How come intelligent, business-savvy people end up boring their audiences? They fail to recognize that public speaking is an acquired skill that improves with practice and honest feedback. Speaking for 20 minutes before the right group of people can do more for your career than spending a year behind a desk!
Rob Sherman, an attorney and public speaker in Columbus, Ohio, says in an article in the Toastmaster magazine to avoid these mistakes:
- Starting with a whimper. Don’t start with “Thank you for that kind introduction.” Start with a bang! Give the audience a startling statistic, an interesting quote, a news headline – something powerful that will get their attention immediately.
- Attempting to imitate other speakers. Authenticity is lost when you aren’t yourself.
- Failing to “work” the room. Your audience wants to meet you. If you don’t take time to mingle before the presentation, you lose an opportunity to enhance your credibility with your listeners.
- Failing to use relaxation techniques. Do whatever it takes – listening to music, breathing deeply, shrugging your shoulders – to relieve nervous tension.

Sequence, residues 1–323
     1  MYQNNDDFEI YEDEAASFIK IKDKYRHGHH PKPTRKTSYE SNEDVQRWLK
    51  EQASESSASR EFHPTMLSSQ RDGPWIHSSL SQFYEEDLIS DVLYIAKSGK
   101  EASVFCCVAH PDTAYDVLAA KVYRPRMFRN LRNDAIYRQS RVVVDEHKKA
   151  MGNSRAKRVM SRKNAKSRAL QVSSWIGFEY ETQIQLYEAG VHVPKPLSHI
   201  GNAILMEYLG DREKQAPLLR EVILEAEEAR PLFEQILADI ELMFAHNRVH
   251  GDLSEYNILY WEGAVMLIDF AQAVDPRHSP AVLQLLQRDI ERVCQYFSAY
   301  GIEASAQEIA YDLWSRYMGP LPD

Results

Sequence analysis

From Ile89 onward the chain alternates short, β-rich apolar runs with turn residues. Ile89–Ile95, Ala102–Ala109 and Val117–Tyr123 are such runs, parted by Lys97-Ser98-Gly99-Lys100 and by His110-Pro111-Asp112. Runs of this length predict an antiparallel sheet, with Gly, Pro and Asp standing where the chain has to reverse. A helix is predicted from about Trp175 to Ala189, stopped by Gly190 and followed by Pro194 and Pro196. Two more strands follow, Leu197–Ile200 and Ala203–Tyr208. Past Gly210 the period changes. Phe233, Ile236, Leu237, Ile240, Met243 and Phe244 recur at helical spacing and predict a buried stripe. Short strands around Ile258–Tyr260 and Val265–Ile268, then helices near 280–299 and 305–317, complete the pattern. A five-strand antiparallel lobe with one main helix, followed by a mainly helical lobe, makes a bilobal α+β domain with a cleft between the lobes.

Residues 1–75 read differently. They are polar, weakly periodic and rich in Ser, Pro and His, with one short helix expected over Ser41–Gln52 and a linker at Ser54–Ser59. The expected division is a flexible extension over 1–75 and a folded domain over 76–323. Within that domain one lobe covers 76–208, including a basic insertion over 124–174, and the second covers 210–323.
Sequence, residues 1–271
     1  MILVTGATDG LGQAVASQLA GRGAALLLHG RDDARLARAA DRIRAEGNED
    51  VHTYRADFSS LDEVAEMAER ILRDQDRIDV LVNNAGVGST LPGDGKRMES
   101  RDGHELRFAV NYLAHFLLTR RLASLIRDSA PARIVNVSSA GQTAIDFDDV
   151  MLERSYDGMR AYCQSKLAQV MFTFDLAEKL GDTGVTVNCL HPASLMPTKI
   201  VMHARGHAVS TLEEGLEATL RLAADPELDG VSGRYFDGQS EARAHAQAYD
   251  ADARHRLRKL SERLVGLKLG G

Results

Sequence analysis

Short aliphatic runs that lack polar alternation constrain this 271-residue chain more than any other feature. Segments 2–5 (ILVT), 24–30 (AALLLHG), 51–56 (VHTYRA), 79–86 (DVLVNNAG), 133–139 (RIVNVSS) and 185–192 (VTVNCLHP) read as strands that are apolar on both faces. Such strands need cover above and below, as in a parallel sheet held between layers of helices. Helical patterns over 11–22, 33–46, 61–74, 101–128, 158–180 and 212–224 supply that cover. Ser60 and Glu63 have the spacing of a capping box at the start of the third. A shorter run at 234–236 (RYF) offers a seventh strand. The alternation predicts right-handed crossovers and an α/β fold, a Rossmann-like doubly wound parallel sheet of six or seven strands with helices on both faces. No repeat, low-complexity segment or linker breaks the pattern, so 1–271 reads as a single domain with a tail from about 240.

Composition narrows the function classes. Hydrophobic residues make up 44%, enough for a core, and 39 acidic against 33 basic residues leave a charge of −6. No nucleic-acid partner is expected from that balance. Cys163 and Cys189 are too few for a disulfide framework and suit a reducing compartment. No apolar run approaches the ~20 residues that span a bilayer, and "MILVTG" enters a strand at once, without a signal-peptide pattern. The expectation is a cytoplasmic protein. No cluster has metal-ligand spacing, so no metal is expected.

- Reading a speech word for word. This will put the audience to sleep. Instead use a “keyword” outline: Look at the keyword to prompt your thoughts. Look into the eyes of the audience, then speak.
- Using someone else’s stories. It’s okay to use brief quotes from other sources, but to connect with the audience, you must illustrate your most profound thoughts from your own life experiences. If you think you don’t have any interesting stories to tell, you are not looking hard enough.
- Speaking without passion. The more passionate you are about your topic, the more likely your audience will act on your suggestions.
- Ending a speech with questions and answers. Instead, tell the audience that you will take questions and then say, “We will move to our closing point.” After the Q and A, tell a story that ties in with your main theme, or summarize your key points. Conclude with a quote or call to action.
- Failing to prepare. Your reputation is at stake every time you face an audience – so rehearse well enough to ensure you’ll leave a good impression!
- Failing to recognize that speaking is an acquired skill. Effective executives learn how to present in the same way they learn to use other tools to operate their businesses.